27 June 2008

Gormley insists steel plant site at Haulbowline is safe

Barry Roche, Southern Correspondent
The Irish Times 27/6/08

MINISTER FOR the Environment John Gormley yesterday moved to assure residents of Cork Harbour that the former Irish Steel site on Haulbowline island is safe despite claims that larger than expected amounts of hazardous material have been found there.

Mr Gormley said both the EPA and experts from the Department of the Environment are monitoring the former site and liaising with two staff on the site following the termination of a contract with a local contractor to carry out site clearance work.

"The situation is that the site clearance has now ceased and I have been assured that the highest environmental standards are being observed and both the EPA and my department have given me assurances that people will not be exposed to any risk," said Mr Gormley.

According to Mr Gormley, Hammond Lane Metal Company was contracted to remove buildings at the site of the former steel plant and the company subcontracted the clearance work out to Louis J O'Regan Ltd.

However, the contract was terminated when the subcontractors began excavating below surface level, disturbing hazardous materials.

It was decided it was safer to cease that work rather than expose hazardous materials, he said.

"It's very difficult to quantify how much hazardous material is there.

"We know that there were 50,000 tonnes deposited there every year for 10 years so there's at least 500,000 tonnes but you can never know until you bore down properly and start to remediate the site.

"Remediation is difficult because when you start to remediate, you're digging up a lot of this stuff and you are exposing people and this is where the dispute arose with this particular subcontractor and the EPA and the department felt this digging was counter-productive."

However, Mr Gormley's assertion about the termination of the contract was disputed by environmental consultant Stephen Griffin.

Mr Griffin said he was hired by Hammond Lane because of his expertise in dealing with heavy metals to advise on the site clearance. The contract with the department specified that the contractor or his agents should clear the site to "a clean safe level".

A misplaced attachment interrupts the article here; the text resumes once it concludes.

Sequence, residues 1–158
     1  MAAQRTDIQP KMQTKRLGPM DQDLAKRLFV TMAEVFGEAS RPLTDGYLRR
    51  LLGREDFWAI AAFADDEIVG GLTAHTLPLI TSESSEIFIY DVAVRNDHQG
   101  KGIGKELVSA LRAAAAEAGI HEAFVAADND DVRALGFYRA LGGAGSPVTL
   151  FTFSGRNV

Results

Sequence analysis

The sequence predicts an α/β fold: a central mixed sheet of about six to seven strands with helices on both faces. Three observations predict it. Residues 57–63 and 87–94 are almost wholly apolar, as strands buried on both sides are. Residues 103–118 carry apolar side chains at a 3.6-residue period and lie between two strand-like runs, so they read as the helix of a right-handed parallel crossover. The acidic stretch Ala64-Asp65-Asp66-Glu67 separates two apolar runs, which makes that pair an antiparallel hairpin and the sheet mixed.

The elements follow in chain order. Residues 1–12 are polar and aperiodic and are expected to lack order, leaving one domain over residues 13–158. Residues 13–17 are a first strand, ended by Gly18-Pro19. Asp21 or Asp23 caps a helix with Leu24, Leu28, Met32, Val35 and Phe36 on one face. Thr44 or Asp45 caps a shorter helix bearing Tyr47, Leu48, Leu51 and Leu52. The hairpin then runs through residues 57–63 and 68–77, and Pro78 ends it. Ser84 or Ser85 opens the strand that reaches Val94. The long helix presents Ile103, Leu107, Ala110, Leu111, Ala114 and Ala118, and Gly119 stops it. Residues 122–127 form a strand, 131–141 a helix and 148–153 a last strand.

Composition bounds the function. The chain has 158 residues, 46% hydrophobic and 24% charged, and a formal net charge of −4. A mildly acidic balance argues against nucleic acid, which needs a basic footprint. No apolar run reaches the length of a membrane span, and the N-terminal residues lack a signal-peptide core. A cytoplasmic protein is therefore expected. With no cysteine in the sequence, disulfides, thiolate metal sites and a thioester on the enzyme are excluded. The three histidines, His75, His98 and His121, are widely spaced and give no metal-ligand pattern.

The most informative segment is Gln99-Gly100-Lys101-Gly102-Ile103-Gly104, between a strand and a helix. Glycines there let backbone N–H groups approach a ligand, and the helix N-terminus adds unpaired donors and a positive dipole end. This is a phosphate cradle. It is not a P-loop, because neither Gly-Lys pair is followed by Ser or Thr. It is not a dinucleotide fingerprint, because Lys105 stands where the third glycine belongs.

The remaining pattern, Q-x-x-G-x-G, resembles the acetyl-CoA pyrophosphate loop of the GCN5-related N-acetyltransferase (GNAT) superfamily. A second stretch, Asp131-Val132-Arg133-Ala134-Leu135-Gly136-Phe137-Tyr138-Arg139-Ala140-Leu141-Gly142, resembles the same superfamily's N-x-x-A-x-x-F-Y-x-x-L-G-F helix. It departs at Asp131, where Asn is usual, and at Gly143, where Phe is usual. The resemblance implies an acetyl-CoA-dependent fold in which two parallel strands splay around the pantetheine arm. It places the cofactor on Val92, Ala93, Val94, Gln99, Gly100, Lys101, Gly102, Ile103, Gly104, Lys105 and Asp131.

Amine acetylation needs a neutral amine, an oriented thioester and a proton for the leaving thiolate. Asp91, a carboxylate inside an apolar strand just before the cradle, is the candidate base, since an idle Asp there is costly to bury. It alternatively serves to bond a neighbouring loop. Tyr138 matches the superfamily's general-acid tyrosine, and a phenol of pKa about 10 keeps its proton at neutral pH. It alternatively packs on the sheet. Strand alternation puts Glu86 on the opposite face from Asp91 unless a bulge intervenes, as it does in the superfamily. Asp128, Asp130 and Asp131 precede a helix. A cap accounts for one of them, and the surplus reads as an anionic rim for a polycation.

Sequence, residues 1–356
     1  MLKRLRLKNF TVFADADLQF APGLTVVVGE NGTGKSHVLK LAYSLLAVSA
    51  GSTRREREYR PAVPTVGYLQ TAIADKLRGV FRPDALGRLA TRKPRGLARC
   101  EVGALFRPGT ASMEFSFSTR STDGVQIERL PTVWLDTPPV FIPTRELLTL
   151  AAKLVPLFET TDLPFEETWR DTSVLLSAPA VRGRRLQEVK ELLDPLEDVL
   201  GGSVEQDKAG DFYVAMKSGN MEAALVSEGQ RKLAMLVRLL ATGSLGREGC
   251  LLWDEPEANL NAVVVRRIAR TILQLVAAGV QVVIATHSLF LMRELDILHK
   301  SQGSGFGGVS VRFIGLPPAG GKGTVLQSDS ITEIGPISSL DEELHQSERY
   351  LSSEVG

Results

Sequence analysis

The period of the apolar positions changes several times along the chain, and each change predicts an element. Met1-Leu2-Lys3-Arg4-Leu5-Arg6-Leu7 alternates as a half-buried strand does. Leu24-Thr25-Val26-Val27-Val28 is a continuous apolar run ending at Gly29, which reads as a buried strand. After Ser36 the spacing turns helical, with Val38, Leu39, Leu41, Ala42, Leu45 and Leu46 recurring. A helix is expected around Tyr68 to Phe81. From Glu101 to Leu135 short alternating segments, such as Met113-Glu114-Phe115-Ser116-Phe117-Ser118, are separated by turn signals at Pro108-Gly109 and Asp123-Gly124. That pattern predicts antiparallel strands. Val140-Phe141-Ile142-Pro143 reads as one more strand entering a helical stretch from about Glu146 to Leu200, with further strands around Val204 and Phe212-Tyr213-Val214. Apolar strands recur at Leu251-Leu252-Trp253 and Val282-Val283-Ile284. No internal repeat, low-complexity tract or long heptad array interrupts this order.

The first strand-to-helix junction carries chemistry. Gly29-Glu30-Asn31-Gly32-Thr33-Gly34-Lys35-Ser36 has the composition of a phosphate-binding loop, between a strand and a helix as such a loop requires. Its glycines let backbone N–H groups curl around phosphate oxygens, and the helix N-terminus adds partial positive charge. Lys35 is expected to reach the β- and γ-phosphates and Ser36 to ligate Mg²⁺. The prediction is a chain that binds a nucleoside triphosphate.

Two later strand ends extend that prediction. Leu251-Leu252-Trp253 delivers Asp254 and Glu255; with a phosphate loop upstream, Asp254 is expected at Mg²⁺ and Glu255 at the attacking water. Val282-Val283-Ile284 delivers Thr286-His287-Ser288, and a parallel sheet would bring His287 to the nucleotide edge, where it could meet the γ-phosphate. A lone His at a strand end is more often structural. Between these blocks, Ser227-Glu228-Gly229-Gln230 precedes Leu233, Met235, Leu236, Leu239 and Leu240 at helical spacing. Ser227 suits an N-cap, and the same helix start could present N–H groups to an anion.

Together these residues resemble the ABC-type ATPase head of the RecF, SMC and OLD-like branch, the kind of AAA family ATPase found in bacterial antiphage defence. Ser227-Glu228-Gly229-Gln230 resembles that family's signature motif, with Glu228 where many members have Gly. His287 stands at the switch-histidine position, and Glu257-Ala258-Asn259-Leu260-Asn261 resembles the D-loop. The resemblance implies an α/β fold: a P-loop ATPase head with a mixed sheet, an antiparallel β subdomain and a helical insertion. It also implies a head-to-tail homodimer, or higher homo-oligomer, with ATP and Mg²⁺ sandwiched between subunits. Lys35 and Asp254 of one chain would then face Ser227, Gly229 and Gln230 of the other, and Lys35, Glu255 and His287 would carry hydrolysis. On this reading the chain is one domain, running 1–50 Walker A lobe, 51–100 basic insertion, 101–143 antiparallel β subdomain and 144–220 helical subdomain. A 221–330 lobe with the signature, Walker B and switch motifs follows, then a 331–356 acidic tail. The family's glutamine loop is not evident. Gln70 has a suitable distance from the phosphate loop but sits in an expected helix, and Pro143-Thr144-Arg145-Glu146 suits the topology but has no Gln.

"We were obliged in our contract to leave a clean safe level site behind for remediation but there's no such thing on Haulbowline island as a clean level surface.

"When we took off the surface layers of hazardous waste, we found more layers of hazardous waste. Our initial discussion was on the removal of about 1,500 tonnes of hazardous material but when we hit 100,000 tonnes, people in Dublin became fearful about the cost."

Mr Griffin said it appeared to him that the Department of the Environment didn't have a plan to finish the job but he urged Mr Gormley to carry on immediately with full clean-up and remediation in order to make the area safe for naval personnel and others on the island. Mr Griffin said that it addition to toxic heavy metals such as zinc, lead, mercury, cadmium and chromium, there are also some 500,000 tonnes of contaminated hydrocarbons buried on the island and he expressed concern about these materials leaching out in tidal movements.

The subcontractor in dispute with the department over the clean-up, Louis O'Regan, was ordered by the High Court in 2005 to pay an estimated €210,000 costs toward an investigation into the effects of illegal dumping on lands he owned at Weir Island in Fota.

Mr O'Regan could not be contacted for comment yesterday but the Cork Harbour Alliance for A Safe Environment (Chase) called on Mr Gormley to commission a baseline study to establish the health of people living in the Cork Harbour area.

"We also call on Minister Gormley to implement his promised EPA reform, and to separate the EPA into stand-alone protection and licensing bodies. The current remit where the EPA has dual responsibility means that the community is sacrificed because the EPA must look after its customers, industry," said a Chase spokeswoman.


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